I’ve never been good at chess. It’s one of the most challenging & mentally taxing games in history. The amount of strategy & it takes a lot of hard thinking to outsmart your opponent. Some people are very good at it.
Games can take hours or days & those who play professionally take it extremely seriously. They have every right & whether you’re good at it or not, the game deserves the recognition & respect. Putting strategy aside, it’s extremely old. “How old? The Dark Ages?” you might ask. Nope. It’s way older. Reports of a Japanese version of chess date back five thousand years, but for the purpose of this entry, we’re going to stick with the variant we know.
Chess as Westerns play it, is believed to have been invented in the Second Century in the middle of the Gupta Empire in India. The game consisted of the same basic principle, with a few different pieces & rules, reflecting life in India, rather than the West. The pieces were:
Mantri: General (later the Queen)
Ratha: Chariot (later the Rook)
Gaja: Elephant (later the Bishop)
Ashva: Horse or Knight
Padati: Foot Soldier (now known as the Pawn)
By the Sixth Century, the game was being called chaturanga, which is Sanskrit for “having four limbs.” As you can assume from the name, it was a four player game. After spending a good chunck of time circulating around the Indian nobility, merchants who did business with the high classes picked it up. Any history buff can tell you that trade & the spread of culture go hand in hand & chaturanga was no different. Chess had begun its global popularization.
By 1000 AD, chess had split into two branches. The first, known as Asiatic chess, spread North & East, through Asia, no doubt lending influence to the ancient Japanese game I mentioned before. The other version is the one we know, & it’s called Occidental or European chess.
As awareness of the game traveled through Western Asia & the Middle East, cultures accepted it very quickly. The original Indian words were absorbed into the hundreds of new languages they were meeting & rules were added. For example, two fundamental changes, which made European chess unique, have their origins in Persia. The first is that chess started to be a two-player game, instead of requiring four. Players also started to warn their opponents of their king’s danger. The changes stuck & once people in England started playing, they began using the word “check” to make the other player aware of the king’s jeopardized safety. In the Middle Ages, the word referred to a temporary stoppage, as nothing can be done until the king is moved out of harm’s way.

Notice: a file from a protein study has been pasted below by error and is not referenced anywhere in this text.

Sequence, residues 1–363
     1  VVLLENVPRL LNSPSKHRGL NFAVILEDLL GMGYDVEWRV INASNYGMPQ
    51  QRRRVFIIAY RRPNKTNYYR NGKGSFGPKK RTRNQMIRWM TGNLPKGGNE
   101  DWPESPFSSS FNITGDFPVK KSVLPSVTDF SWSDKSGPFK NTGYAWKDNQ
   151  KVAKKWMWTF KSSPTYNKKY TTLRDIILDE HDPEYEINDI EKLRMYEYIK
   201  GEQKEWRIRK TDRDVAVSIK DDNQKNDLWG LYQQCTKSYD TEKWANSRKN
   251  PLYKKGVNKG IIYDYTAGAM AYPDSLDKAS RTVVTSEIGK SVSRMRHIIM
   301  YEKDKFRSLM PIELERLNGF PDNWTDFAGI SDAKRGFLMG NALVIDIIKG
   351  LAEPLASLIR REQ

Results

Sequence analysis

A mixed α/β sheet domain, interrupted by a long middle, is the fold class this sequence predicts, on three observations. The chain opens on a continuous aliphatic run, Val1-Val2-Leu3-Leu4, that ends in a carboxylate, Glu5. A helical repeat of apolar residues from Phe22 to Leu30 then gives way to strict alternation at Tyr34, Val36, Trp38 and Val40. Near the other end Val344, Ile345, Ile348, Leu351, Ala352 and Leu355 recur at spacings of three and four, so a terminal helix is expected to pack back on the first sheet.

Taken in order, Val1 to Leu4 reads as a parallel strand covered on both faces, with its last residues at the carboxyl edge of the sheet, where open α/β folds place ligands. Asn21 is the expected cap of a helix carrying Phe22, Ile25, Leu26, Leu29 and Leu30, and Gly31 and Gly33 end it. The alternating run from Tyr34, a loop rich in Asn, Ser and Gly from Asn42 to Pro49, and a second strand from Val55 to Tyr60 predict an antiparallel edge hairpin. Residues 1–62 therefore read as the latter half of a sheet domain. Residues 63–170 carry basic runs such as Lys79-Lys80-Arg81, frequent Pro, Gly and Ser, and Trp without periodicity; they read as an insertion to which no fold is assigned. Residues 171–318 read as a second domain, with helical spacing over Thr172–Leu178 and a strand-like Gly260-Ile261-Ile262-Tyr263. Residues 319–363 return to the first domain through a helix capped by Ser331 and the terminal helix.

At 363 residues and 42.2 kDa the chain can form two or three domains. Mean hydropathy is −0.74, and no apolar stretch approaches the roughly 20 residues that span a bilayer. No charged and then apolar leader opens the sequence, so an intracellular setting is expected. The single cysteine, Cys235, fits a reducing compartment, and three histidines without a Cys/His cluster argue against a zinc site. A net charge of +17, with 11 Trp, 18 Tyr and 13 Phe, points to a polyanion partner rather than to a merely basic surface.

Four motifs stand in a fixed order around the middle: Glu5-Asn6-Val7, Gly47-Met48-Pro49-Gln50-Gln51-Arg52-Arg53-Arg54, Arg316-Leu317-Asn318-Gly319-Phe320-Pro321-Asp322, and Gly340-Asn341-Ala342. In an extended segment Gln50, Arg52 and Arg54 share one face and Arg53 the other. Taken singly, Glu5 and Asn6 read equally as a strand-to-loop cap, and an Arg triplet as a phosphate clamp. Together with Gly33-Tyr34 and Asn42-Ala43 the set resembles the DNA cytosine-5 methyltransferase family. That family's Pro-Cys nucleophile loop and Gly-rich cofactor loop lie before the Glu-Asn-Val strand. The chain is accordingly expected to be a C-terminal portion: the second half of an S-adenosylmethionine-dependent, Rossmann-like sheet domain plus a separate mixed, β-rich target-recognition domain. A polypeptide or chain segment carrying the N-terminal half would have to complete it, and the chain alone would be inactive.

Now for everyone’s favorite part: victory. Upon realizing that the rival player had no moves left, the winner would say, “shah mat.” Though the common though among the general public is that this means, “The king is dead,” that’s not true. It’s understandable, though because, upon hearing the words, the loser lays the king piece on its side. The death allusion is just coincidence, though; shah mat’s literal translation is, “The king is stumped/helpless/ambushed.” Coupled with the fact that the word “check” was already being used, English ears heard an Anglicized version of the phrase, & adopted “checkmate.”
The name chess, itself, comes from the old French word for the game, “echecs.” The French used this word because the board resembled an accounting table called an eschequier, a word which has survived to become a term we use to describe an agency set up to collect royal revenue. Interestingly enough, it’s also where we get the term “checkered,” when we describe the color pattern & obviously the name of the game checkers.
Chess has a much more interesting complicated history than you’d expect. Its popularity & the fact that it’s held in such high esteem is a wonderful testament to the game’s rich history. It’s been around for a good portion of human civilization & I expect it to stick around for a long time in the future.
Now you know; you’re welcome.